National broadcasters were calling the Liberals as the next government of Canada by the time polls closed in Manitoba around 8:30 p.m. on election day Oct. 19 but in the Churchill-Keewatinook Aski riding the incumbent MP was still not confident enough to declare her victory by five hours later.
A cheer arose from the dozen or so volunteers who were in Thompson’s Royal Canadian Legion when CTV declared the NDP’s Niki Ashton the winner of the riding at about 10 minutes to midnight but it was after 1 a.m, when the candidate herself showed up, and she wasn’t ready to unequivocally declare victory.
“The counts still coming in, the numbers are still coming in and I can’t declare anything,” said Ashton to the remaining attendees of her post-campaign party, which had the subdued air of a hospital waiting room with occupants aware of the possibility of grim news arriving since early in the evening when it became clear that no only was the NDP not about to become the next national government but that it had finished a distant third behind the majority-winning Liberals and the incumbent conservatives, with prime minister-elect Justin Trudeau’s party siphoning support from both the right and left wing of the political spectrum.
“I do want to say I’m very honoured by the support that’s come through already,” said Ashton. “I’m very proud of our NDP team and the positive, progressive vision we put forward here in Northern Manitoba. We’re not ready to say it is what it is. The baseball analogy I guess is it ain’t over ‘til it’s over as Yogi Berra would say.”
The NDP candidate’s reluctance to declare victory was a result of a very close race that saw Liberal challenger Rebecca Chartrand within as few as 100 votes at times throughout the night at poll results came in and because there were at least 17 polls including some from areas with large enough populations to substantially swing the votes yet to report.
“I think the race was close, and one of our shortfalls was our financial situation,” said Chartrand. “We had an all-volunteer team, and that really says a lot as well, because we're all up against an incumbent who has support from four or five MLAs that also fit within Churchill-Keewatinook Aski, so you're up against 20 years of their network, but I think we did fantastic, and we have so much to celebrate. The MP is going to have to work a lot harder to secure those votes moving forward in future elections, and no longer will people in the Churchill-Keewatinook Askiriding, their vote is no longer going to be taken for granted.”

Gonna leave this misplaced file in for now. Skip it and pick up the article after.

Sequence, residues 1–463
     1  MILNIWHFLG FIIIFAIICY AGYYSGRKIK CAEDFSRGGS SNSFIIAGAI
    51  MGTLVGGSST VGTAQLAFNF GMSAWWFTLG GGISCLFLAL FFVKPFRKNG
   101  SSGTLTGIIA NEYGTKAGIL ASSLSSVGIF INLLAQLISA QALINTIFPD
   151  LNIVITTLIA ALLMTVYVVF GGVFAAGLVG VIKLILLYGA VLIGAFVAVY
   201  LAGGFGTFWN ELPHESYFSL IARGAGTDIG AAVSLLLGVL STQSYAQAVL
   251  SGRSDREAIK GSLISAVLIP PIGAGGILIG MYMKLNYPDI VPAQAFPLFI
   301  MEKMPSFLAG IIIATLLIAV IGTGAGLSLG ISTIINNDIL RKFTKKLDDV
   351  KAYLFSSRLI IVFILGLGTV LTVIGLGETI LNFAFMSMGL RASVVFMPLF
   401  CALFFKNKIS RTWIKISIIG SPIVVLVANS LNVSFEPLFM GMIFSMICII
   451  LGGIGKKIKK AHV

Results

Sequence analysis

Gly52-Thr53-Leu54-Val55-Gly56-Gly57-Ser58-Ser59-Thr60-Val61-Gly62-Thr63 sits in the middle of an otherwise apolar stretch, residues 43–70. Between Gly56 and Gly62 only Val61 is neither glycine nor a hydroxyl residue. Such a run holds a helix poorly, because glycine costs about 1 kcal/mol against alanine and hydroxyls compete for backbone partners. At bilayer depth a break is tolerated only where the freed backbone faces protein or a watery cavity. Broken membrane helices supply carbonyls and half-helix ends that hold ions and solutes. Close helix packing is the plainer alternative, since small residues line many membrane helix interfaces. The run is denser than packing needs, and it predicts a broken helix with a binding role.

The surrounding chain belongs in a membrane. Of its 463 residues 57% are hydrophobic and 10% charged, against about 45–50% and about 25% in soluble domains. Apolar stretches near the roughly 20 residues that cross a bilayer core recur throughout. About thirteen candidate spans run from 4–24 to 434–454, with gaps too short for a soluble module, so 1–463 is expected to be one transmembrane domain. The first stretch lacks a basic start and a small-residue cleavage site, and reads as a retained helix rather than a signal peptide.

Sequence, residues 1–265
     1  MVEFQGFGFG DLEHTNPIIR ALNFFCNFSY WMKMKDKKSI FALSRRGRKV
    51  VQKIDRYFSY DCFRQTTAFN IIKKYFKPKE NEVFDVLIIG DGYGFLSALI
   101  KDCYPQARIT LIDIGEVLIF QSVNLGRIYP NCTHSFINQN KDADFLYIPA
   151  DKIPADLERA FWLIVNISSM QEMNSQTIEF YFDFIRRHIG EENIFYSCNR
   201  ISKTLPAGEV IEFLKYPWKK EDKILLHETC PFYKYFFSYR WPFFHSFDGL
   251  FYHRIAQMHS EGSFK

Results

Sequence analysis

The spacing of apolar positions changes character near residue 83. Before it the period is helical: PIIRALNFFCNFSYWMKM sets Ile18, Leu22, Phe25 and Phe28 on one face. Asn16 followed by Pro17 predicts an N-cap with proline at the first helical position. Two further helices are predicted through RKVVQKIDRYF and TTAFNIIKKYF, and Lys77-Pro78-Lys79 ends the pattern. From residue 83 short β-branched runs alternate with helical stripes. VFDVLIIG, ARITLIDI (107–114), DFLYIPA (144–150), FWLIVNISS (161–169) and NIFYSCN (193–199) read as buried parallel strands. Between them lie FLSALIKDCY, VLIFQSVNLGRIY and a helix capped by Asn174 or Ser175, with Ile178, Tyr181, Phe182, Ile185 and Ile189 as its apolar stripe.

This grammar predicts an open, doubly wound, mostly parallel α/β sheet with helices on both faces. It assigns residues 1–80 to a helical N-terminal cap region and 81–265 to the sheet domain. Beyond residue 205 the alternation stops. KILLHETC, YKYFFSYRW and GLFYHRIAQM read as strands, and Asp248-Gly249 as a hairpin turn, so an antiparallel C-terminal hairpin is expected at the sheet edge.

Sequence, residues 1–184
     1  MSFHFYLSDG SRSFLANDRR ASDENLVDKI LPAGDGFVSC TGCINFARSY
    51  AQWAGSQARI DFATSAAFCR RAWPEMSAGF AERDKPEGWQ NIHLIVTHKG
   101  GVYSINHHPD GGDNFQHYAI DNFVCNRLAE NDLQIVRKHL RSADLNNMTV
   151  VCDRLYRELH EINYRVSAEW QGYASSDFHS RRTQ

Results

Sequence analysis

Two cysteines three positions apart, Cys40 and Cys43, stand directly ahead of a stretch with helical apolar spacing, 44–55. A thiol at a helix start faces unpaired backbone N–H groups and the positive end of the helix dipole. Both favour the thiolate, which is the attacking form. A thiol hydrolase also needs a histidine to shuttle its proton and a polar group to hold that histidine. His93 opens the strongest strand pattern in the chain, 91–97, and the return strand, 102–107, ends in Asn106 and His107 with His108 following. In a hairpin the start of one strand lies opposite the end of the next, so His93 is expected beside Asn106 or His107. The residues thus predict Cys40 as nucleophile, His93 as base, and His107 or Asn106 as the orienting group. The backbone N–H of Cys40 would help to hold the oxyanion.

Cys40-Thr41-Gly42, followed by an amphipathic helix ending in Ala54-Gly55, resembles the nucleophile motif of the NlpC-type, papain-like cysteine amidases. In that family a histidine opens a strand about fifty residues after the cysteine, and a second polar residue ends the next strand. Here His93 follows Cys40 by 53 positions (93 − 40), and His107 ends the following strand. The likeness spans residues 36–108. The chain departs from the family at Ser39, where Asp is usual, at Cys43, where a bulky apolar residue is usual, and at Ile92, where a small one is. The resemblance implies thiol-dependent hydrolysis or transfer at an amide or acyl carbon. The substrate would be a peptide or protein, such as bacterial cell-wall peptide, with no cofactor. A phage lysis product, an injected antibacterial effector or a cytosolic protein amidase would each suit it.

When CTV declared Ashton elected she was leading with about 8,800 votes to 7,600 for Chartrand. As of 2 a.m. Oct. 20, Ashton led with 14,206 votes to 12,784 for Chartrand and 3,061 for the elusive Conservative candidate Kyle Mirecki. The Green Party’s August Hastmann had garnered 546 votes while the Libertarian Party candidate Zachary Linnick had 252.
Turnout was substantitally up from a little over 40 per cent in 2011, with 30,849 ballots counted already, which represented almost 63 per cent of the 49,036 registered voters in the riding.
“Tonight, we've seen people come out in historic numbers,” said Chartrand. “We've heard anecdotes that people were running out of ballots, that people were lined up out of the doors in some communities. We need to celebrate that.”
“This is one of the biggest ridings in the country, almost 500,000 square kilometres of ground to cover, from farmland to tundra, from the Manitoba great lakes to our inland sea at Churchill and so because it’s so big and because there’s numerous polls still coming in we’re not ready to make the call but to al of our people out there, thanks very much,” said Ashton’s campaign manager Blair Hudson. “Thanks for the hard work.”
“I want to thank the people of Churchill-Keewatinook Aski for showing us their support, for all of their work in this campaign and to all the volunteers who are here tonight as well,” Ashton concluded.